The Japan Foundation Prizes for the Promotion of Community-Based Cultural Exchange (2002)

Ashibue Theater Group (Shimane)

Photo of Ashibue Theater Group (Shimane)

The Ashibue Theater Group was formed in 1966 in the city of Matsue with the aim of boosting awareness of theater as an art form. The Yakumo Sweet A’corn Theatre, a publicly funded but privately operated facility, was born in 1995 out of the Group’s idea of building a 100-seat theater, which coincided perfectly with the cultural aspirations of the village of Yakumo. After participating in a number of international theater festivals in the United States and Canada, the Ashibue Theater Group was keen to stage a similar festival themselves. Eventually, through their grass-roots work in local theater, they were able to realize their dream with the 1st Yakumo International Theater Festival in 2001. Seven distinguished theater groups from five culturally diverse countries were represented at the Festival. Local residents not only enjoyed the valuable experience; many volunteered for the running of the Festival itself, billeting participants under homestay arrangements and organizing an international exchange program for the benefit of children in all age groups. In this way, the Festival served as a valuable forum for promoting cross-cultural understanding and awareness. The willingness of the local government and community to donate their time to help out with planning and organizing the Festival together with the Ashibue Theater Group signifies a community keen to participate actively in its future. The Ashibue Theater Group serves as a model of how cultural exchange can promote growth and development at the local level.

Kochi Commercial High School Student Society (Kochi)

Photo of Kochi Commercial High School Student Society (Kochi)

The association between the Kochi Commercial High School Student Society and the country of Laos dates back to 1994, when the Student Society conducted a fund-raising campaign after hearing of local NGO the Kochi Laos Association and its work in assisting the reconstruction of schools in Laos. In 1996, the Student Society launched a project designed to harness the commercial skills taught at the school. A mock company was set up, and donations were solicited from the PTA, teachers and other students. The funds were used to purchase handicrafts on student trips to Laos, which were then sold at the school festival. A share of the profits was donated to the cause of school reconstruction. Other initiatives include introducing Japanese school athletics meetings to local schools in Laos, and measuring local school students’ height in Laos in order to compare the statistics with those of Japanese counterparts. These unique forms of cultural exchange—surely something that only high school students would dream up—are described at length at school festivals and other opportunities. The Student Society is also involved in organizing a street trading fair to showcase products from Laos. Last November saw the opening of a shop called Lao Sky selling Laotian handicrafts in an empty retail space in the local shopping precinct, which was set up with the assistance of the Chamber of Commerce and an NGO called Brain run by former students. The diversity of activities undertaken by the Student Society is most inspirational. Through commercial activities befitting a commercial school, the Student Society has made a valuable contribution to the school reconstruction project in Laos run by the local NGO; at the same time, the Student Society is also helping to stimulate the local shopping precinct and to enhance international understanding in the local community.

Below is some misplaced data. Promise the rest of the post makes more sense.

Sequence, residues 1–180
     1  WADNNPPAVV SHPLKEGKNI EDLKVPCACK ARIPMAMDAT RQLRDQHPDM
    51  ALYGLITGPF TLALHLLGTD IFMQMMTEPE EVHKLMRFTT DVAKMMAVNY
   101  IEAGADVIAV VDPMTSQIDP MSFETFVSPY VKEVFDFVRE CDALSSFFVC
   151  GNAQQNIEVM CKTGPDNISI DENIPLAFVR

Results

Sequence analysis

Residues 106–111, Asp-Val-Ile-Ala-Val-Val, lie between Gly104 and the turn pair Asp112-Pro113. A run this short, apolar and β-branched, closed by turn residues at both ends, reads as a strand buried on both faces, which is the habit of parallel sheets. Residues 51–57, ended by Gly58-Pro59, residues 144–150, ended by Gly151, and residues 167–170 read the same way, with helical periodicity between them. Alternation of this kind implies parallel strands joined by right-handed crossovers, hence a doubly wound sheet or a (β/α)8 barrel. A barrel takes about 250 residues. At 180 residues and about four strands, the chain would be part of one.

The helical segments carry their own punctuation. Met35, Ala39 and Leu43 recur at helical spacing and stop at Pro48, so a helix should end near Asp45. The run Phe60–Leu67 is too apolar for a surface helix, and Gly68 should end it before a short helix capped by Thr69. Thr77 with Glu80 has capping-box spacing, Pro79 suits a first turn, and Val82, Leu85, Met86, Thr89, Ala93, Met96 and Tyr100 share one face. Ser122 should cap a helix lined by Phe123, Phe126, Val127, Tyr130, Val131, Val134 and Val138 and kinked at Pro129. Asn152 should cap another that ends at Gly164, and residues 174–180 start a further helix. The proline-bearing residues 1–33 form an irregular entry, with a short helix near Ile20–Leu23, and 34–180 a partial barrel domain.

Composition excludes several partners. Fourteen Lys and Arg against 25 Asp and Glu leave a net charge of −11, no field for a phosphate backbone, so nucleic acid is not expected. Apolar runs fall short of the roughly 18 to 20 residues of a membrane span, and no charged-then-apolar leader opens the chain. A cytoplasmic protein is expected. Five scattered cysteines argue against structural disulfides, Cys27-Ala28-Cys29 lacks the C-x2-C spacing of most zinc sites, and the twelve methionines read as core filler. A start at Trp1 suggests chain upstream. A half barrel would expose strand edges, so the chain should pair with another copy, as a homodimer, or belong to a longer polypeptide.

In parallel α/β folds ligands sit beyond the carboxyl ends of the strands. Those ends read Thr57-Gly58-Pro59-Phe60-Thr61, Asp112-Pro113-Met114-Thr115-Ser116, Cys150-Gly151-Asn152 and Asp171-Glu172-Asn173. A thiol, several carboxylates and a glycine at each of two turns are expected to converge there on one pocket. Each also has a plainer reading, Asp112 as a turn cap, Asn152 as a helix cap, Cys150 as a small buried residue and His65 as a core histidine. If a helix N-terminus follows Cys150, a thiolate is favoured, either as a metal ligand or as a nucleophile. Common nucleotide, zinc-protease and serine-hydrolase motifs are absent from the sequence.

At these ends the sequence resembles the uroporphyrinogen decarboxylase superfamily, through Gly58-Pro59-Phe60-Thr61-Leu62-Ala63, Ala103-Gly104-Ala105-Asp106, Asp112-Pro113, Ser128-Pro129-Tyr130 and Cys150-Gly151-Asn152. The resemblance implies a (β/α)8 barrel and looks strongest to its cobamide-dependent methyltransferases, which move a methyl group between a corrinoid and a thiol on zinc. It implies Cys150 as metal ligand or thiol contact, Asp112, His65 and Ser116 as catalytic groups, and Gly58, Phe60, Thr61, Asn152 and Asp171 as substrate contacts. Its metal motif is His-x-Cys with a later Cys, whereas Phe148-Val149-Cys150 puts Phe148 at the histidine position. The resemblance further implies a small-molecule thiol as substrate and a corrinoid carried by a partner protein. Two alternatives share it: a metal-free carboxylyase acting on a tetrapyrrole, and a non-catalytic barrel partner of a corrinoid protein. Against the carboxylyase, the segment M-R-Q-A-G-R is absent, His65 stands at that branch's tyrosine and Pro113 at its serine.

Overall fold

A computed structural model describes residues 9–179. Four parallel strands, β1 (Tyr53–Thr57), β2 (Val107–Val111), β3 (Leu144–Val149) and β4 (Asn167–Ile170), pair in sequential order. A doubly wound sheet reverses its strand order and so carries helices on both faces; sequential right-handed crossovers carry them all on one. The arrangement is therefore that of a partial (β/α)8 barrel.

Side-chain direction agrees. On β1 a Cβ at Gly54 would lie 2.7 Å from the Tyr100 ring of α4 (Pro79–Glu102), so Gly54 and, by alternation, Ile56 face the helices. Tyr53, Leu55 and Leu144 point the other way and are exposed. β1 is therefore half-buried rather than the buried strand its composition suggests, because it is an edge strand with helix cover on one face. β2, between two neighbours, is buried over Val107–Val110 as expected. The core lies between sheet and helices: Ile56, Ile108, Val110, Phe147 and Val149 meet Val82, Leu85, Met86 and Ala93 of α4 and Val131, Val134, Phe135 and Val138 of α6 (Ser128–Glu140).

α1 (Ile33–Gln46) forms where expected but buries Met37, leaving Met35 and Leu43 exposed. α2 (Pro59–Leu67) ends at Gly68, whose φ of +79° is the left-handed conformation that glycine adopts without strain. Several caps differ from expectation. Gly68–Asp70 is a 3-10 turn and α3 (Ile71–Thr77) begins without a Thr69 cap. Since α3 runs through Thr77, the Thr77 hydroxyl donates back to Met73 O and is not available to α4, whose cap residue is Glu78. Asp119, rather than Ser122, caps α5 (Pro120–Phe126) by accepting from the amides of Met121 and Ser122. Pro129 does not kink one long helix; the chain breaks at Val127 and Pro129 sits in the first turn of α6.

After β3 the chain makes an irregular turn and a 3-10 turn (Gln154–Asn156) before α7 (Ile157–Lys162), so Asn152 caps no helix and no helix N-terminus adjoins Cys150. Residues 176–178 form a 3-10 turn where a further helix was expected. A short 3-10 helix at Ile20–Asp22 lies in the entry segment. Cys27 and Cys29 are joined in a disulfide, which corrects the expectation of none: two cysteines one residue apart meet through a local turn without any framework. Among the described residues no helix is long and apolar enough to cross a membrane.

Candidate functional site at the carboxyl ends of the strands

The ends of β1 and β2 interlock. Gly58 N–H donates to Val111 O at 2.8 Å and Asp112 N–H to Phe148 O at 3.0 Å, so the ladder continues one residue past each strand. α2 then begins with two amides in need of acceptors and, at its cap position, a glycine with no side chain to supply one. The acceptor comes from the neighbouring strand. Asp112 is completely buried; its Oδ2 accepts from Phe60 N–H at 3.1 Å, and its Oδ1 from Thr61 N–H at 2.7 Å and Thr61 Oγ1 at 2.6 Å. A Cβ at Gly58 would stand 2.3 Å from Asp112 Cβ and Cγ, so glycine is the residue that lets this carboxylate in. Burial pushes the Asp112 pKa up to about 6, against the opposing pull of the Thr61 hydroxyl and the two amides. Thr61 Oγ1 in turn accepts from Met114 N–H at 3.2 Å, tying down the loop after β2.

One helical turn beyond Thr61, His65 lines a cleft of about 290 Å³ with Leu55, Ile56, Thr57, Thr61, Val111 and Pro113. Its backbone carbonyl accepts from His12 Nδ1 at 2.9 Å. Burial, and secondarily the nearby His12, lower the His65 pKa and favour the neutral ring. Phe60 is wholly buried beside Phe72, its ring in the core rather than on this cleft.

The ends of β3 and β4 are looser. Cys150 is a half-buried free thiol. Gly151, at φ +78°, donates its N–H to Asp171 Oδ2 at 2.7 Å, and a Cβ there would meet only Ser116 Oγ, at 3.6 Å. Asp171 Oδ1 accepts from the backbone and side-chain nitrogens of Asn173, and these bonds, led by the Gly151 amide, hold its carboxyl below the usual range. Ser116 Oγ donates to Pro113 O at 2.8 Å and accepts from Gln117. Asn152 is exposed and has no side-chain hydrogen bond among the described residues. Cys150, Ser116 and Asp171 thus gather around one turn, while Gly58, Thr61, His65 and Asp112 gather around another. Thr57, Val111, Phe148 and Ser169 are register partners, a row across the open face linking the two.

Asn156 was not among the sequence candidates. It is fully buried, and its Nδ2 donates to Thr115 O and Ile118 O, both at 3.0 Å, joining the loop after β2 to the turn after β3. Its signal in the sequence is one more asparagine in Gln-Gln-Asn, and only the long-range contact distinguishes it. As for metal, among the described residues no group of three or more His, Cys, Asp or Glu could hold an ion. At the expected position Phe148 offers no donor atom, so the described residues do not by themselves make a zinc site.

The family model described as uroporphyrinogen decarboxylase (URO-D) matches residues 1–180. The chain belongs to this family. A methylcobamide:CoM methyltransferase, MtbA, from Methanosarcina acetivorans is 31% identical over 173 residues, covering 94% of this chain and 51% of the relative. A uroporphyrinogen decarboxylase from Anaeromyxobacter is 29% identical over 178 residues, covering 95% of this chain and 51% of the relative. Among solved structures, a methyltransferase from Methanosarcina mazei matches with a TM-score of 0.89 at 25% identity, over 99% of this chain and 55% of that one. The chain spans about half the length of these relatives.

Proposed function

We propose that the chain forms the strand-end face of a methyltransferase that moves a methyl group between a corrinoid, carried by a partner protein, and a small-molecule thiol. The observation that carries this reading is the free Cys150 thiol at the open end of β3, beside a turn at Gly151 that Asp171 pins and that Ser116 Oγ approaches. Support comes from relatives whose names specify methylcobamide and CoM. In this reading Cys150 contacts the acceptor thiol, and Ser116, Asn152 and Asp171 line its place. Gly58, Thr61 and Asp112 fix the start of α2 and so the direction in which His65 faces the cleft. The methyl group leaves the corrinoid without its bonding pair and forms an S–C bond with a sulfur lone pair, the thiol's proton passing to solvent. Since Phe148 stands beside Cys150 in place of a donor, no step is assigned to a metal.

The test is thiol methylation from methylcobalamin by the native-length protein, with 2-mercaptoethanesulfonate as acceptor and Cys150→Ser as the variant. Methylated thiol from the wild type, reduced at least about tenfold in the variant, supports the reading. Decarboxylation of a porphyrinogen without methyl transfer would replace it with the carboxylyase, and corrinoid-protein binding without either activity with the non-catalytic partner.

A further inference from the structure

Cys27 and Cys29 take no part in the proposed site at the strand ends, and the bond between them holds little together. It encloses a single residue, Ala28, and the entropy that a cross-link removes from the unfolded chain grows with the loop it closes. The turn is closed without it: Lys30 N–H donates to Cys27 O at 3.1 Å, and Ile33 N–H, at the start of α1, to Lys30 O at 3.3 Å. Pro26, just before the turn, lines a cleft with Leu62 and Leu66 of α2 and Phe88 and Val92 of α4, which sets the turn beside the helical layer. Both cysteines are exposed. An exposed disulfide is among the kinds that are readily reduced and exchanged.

Takatori Community Center (Hyogo)

Photo of Takatori Community Center (Hyogo)

The Takatori Community Center evolved from the Takatori Relief Station, which was set up in the grounds of the local Takatori church to coordinate volunteer work in the aftermath of the Great Hanshin-Awaji Earthquake of 1995. After the initial period of intense relief work, the focus gradually shifted towards volunteer work in the area of multicultural harmony. The present name was adopted in 2000 when the group was officially granted the status of designated non-profit corporation. The Takatori Community Center is made up of nine NGOs all working towards the common goal of welcoming the minority groups including many foreign residents of varying nationalities who live in Nagata ward and helping them to feel a part of the local community. (The NGOs are: FM Waiwai, FM Waiwai Tomo no Kai, the Kobe Residents Foreigner Support Center, Leaf Green, FACIL Multilingual Center, World Kids Community, the Asian Women’s Empowerment Project, Tour de Communication and NGO Vietnam in Kobe.) The NGOs all pursue their own independent activities, such as multilingual FM broadcasting, translation of important household information into multiple languages, support services for the children of non-Japanese residents, a second-hand computer collection and refurbishment program for minority groups, support services for elderly and physically handicapped persons, and studies of conditions in Japan for permanent non-Japanese residents. At the same time, the NGOs are increasingly getting together to share their experience and personnel for joint initiatives designed to meet the needs of the local area. In enabling the various member NGOs to operate independently while providing a flexible coordinating structure under the one umbrella organization, the Takatori Community Center shows the way forward for NPOs dedicated to the cause of multicultural harmony.

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